Custom WB and Color in General
I recently upgraded from a Canon T5i to a T7i. It made a huge difference for me and I love it! With that said, I record manually and AWB just doesn't work for me. So I learned about custom white balance and purchased the white balance reflector (with the grey on one side and white on the other http://a.co/9n6rSe4) and have been using that with the custom WB option. My problem is that when I use that option, it always makes the image/picture, really cool toned. When I look in the mirror, I am way warmer, as is my studio, than what I see on the camera lcd and on my laptop. If I switch to another option like "Fluorescent" it looks good (or at least better than custom). Any advice? I am filming with a Canon T7i, 24mm Lens, 3.5 aperature, 1/60, 800 iso, auto focus. I also use a Ring light that is about 5000k (natural light) and the light bulbs in the room are also natural light vs tungsten. I use Sony Vegas Pro 14 to edit, which I use to correct this problem in post production.
I also want to add the the picture, aside from being cool toned, is also really dark. I notice because my hair is light brown and in the footage, it's close to black. Help?
I don't really know the capabilities of the T7i so this might not be useful info... but if the camera will allow you to dial in the exact color temperature you want, I think you'll get much more likable results than if you use a white balance feature, or any presets. I actually haven't hit the "white balance" button on a camera in probably 20 years, literally... I always dial in the exact degrees I want.
So, let's say you are shooting outdoors in daylight, which "normally" would be 5600° but that looks a bit too cool to you, then you can crank it up to 5800° or 6000° to warm it up.
BUT... your camera might now allow that, you might have only white balance and preset functions. If that's the case, you can use an old-school technique to trick your white balance into giving you the warmer tones you are looking for. To do that, don't white balance on white or gray, balance on a pale blue surface. That will skew the white balance into looking a bit warmer. There used to be sold "warming cards," sets of white balancing cards that were various shades of light blue to help with that. I don't know if those are still sold, but it's worth a Google.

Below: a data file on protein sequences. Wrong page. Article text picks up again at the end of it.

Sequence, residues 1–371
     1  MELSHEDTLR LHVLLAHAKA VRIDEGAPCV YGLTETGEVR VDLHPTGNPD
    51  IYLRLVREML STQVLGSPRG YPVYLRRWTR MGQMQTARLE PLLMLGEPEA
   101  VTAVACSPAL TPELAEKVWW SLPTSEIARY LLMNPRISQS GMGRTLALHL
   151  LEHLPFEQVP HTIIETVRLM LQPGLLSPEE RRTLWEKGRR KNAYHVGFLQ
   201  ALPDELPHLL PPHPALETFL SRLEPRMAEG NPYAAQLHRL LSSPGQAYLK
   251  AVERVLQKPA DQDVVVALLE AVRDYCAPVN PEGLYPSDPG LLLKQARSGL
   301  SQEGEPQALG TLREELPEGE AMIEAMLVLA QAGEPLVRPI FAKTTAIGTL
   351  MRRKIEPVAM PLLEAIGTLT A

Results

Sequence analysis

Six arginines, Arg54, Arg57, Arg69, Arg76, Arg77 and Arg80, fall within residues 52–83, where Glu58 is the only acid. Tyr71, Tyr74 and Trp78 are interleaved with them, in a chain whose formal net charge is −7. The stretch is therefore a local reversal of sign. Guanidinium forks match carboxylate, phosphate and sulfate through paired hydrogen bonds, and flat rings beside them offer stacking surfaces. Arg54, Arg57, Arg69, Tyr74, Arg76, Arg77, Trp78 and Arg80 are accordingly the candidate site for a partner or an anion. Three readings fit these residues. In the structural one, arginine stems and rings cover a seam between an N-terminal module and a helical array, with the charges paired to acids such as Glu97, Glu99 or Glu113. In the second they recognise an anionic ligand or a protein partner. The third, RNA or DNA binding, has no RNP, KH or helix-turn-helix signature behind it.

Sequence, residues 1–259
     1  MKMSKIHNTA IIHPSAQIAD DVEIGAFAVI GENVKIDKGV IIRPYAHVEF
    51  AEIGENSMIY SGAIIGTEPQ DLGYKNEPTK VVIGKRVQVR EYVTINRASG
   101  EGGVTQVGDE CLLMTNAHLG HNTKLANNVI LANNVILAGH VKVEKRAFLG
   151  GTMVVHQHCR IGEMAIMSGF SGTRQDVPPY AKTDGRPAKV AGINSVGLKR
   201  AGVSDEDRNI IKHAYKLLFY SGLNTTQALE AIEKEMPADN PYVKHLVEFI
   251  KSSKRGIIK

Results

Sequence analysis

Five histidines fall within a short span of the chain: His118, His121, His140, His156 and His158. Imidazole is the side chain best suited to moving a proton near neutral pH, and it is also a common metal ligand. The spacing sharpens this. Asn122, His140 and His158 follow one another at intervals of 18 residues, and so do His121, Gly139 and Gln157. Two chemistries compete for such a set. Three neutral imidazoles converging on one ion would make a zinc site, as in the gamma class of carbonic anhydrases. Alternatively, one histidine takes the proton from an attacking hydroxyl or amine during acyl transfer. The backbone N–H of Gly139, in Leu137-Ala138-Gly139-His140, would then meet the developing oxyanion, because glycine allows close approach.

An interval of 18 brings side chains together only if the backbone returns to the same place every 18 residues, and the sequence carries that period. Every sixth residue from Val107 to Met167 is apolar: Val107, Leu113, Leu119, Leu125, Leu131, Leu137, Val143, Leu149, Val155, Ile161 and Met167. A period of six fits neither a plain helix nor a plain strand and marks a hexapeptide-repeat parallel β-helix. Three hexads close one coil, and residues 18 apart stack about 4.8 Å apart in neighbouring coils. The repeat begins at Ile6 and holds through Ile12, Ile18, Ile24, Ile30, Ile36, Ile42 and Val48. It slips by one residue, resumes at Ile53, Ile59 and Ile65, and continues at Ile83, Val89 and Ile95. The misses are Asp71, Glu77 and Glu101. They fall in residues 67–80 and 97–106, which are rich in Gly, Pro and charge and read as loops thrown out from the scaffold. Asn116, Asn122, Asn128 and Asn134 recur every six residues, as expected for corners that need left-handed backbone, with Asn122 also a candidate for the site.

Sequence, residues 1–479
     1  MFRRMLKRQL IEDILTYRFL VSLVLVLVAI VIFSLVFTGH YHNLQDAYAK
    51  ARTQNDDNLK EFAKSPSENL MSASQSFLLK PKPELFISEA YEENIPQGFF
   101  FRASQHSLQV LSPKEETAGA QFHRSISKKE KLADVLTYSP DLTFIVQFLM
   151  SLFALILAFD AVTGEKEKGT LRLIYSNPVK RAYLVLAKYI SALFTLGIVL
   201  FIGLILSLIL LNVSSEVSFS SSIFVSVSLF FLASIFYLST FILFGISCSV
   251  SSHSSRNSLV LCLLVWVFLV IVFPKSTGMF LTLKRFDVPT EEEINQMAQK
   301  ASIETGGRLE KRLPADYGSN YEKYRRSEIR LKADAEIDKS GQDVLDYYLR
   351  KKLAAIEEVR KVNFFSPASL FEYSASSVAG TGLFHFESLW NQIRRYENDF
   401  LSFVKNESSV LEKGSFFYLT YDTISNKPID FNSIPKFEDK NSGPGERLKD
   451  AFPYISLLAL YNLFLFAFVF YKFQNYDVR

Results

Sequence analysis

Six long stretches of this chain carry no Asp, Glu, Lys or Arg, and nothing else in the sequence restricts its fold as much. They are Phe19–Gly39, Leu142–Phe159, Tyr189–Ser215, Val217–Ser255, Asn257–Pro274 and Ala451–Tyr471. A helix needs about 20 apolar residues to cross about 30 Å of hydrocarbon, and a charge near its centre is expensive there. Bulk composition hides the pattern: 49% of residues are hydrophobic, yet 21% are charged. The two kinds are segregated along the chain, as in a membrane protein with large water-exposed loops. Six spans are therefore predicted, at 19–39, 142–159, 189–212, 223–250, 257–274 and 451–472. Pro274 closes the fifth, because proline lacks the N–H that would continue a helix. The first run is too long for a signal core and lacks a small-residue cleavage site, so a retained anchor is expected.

If your images are too dark, that's not a function of the white balance, that's a function of exposure. Sounds like your images are just underexposed. Use a higher ISO or a lower f-stop number... or adjust the exposure bracketing if you are using auto exposure (which I won't lecture you about, but you shouldn't be doing that either).
Hope this helps....
Fantastic Plastic Entertainment, Inc.
Thank you so much. Unfortunately, I cannot adjust the kelvin. The white balance has a few settings with a number next to it. For example: "Tungsten 3200K or White Flourescent 4000K." There is also another setting in AWB: "AWB and AWBW(white priority). So it seems that I have to either correct it when editing or pick one of the settings provided. I just don't understand why, if the room doesn't have any tungsten lighting, does the custom WB ,make the picture even more cool toned, no warmth whatsoever.
I am using auto exposure (-_-) lol. I am no pro; still learning. I thought that by putting up the level to my ring light, that would suffice, but the only thing that happened was my face got brighter and hair stood dark as well as the background.